Boko Haram is divided, says expert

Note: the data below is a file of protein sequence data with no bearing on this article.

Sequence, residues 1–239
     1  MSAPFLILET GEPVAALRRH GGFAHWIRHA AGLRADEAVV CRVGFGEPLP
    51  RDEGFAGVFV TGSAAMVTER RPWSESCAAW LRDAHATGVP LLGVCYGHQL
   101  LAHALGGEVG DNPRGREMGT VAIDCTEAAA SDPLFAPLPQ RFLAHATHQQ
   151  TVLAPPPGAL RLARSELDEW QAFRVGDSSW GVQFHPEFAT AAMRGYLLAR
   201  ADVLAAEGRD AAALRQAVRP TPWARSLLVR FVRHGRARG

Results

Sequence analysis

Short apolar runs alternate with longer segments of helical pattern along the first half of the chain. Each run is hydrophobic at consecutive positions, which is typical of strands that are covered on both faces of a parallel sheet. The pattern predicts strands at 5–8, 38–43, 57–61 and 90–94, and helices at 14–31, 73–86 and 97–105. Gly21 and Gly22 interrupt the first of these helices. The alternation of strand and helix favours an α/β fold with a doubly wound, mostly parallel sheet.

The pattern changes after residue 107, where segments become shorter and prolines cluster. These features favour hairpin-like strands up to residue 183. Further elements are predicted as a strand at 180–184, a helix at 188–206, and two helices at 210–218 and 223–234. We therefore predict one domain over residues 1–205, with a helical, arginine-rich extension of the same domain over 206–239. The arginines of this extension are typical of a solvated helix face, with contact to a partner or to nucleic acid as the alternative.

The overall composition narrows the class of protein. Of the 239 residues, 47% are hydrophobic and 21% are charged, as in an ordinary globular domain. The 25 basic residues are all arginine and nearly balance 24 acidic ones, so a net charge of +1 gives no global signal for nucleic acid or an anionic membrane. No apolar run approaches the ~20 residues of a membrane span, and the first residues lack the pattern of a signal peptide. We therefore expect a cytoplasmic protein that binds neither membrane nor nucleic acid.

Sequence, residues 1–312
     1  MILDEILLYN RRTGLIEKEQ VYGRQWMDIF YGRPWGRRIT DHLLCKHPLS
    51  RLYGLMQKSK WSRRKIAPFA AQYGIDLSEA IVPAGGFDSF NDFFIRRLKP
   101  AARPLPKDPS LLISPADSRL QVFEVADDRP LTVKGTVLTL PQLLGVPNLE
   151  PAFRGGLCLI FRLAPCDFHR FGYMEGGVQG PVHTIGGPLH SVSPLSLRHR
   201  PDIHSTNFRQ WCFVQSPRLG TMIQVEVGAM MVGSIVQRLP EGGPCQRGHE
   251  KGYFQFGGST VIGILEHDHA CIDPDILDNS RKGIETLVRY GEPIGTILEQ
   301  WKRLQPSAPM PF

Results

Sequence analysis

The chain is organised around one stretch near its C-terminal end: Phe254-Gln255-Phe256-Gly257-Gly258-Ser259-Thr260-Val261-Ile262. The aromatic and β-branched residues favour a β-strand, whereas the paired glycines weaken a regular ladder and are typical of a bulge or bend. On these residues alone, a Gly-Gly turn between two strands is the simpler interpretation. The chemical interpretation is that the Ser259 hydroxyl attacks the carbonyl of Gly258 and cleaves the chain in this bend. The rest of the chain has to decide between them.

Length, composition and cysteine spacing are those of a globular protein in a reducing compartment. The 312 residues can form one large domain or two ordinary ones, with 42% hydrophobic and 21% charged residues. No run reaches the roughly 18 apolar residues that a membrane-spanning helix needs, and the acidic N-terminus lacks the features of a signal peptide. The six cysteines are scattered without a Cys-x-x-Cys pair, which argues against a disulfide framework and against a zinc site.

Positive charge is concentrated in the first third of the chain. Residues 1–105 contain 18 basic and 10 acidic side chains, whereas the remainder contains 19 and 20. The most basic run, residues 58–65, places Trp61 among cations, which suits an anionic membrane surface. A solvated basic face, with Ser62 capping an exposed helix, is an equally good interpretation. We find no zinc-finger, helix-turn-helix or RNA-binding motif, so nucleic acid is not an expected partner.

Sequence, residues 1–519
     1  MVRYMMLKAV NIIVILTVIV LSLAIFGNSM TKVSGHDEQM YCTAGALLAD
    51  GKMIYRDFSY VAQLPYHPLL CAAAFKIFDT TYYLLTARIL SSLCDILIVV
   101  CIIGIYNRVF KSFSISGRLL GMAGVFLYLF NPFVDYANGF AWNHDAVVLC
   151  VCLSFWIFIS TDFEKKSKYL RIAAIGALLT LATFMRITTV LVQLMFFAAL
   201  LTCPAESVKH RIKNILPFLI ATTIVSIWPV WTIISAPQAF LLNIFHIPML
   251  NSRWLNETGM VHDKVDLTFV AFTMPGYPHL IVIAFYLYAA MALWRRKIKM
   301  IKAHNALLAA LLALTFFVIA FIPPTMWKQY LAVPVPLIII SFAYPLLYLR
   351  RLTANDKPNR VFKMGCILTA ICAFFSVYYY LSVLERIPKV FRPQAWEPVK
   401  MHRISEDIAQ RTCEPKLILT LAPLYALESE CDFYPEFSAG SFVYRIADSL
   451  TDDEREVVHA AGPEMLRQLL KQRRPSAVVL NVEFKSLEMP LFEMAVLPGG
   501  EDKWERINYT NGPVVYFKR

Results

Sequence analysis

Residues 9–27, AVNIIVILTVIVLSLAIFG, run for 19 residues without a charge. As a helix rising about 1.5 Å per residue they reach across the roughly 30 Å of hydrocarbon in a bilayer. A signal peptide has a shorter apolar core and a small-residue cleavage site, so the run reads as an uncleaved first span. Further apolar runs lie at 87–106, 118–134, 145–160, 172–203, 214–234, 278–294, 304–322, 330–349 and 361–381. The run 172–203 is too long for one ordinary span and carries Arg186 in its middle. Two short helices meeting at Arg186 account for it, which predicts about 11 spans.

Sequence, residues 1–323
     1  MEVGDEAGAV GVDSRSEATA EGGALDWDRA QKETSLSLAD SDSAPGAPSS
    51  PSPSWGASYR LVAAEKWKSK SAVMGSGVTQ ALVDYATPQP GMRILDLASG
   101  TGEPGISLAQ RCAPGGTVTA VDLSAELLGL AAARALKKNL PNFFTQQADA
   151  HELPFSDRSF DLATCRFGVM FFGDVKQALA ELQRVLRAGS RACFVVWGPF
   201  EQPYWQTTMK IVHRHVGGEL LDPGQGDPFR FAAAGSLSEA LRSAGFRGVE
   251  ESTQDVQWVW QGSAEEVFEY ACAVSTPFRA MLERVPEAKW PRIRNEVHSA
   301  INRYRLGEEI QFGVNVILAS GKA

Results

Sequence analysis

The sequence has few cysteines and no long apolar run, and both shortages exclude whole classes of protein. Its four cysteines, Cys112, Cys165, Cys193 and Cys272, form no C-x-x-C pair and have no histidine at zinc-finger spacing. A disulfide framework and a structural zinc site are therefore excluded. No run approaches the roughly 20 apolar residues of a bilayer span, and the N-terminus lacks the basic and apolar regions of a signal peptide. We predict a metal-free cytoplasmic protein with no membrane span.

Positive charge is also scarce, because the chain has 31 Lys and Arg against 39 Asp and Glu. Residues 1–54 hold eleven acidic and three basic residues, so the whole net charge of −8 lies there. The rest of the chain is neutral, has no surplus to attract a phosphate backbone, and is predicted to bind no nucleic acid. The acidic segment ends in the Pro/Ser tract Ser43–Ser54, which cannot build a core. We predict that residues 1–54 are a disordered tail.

Boko Haram’s elusive leader Abubakar Shekau broke his silence Thursday to insist he was “still around” following reports Islamic State had replaced him, but his message fuelled talk of a split within the jihadist group. For months, speculation has been rife over the fate of Shekau, who has led the Nigeria-based Islamist group since 2009 but has not been heard from since March. But on Thursday, following a report suggesting he had been replaced, Shekau released an audio message insisting he was still very much alive and in charge of the group, which last year had pledged allegiance to the Islamic State jihadists. “People should know we are still around. We will never cause any discord among the people, we will live by the Koran,” Shekau said in a 10-minute audio message. “This is our stand and we remain in our capacity as Jama’atu Ahlissunnah Lidda’awati Wal Jihad,” he said using the Islamic name for Boko Haram. His voice was recognised by an AFP journalist familiar with previous messages he has posted on social media. It was also confirmed as Shekau’s voice by Berlin-based jihadist expert Yan St-Pierre of the Modern Security Consulting Group (Mosecon), who said his message had laid bare divisions within the group. “The person who posted on the internet is a very reliable source,” he told AFP. “We knew that Boko Haram was divided on a strategic point of view, now their divisions are public,” he said. – ‘They deceived me’ – Shekau’s audio message was released after IS on Tuesday published an interview with Sheikh Abu Musab al-Barnawi in its Al-Naba online weekly magazine in which he was introduced as Boko Haram’s new leader. In the interview, Barnawi talks about the history of jihad in this region but makes no clear reference to Shekau. Since March 2015, Barnawi has appeared in several videos distributed by Boko Haram, claiming responsibility for successive attacks, earning him the reputation of group spokesman, experts say. But in his message, Shekau takes aim at Barnawi, dismissing him as an infidel who condones living in an un-Islamic society without waging jihad. And in a tacit acknowledgement that his own position as leader may have been usurped, he speaks of being tricked by some of his followers. “They deceived me,” he said. “And now I find myself being forced to follow another character who practices disbelief,” he says, in a message which becomes increasingly more animated as he speaks. – A house divided – St-Pierre said the message suggested Shekau was trying to retain his base of support within Boko Haram without compromising the commitment to IS. “In the message, Shekau refers to Boko Haram under its previous name, but with some ISIS propaganda elements, as if he wanted to reassure its old combattants and base, without denying his commitment to (its leader Abu Bakr) al-Bagdadi,” he said. Speculation over the fate — and alleged disappearance — of Shekau has been rife in recent months: he was last seen in a YouTube video in March, looking weak, and saying: “For me, the end has come.” He became Boko Haram leader after Nigerian security forces killed the group’s founding chief Mohammed Yusuf in 2009, sparking an insurgency that has left 20,000 people dead and forced 2.6 million people to flee their homes. But the group has become fractured under his leadership, experts told AFP after the Barnawi interview was released. “Boko Haram has lost its prestige and become difficult to control (under Shekau). Today, Boko Haram is divided into several little groups,” St-Pierre said. And a Nigerian security analyst said he believed Shekau was still alive, but that IS may be seeking to clean up Boko Haram’s reputation among jihadists, by ousting a leader seen as disorganised and unreliable. Boko Haram has been pegged back by an aggressive fightback from the Nigerian military since January 2014, losing territory and its capacity to mount conventional attacks.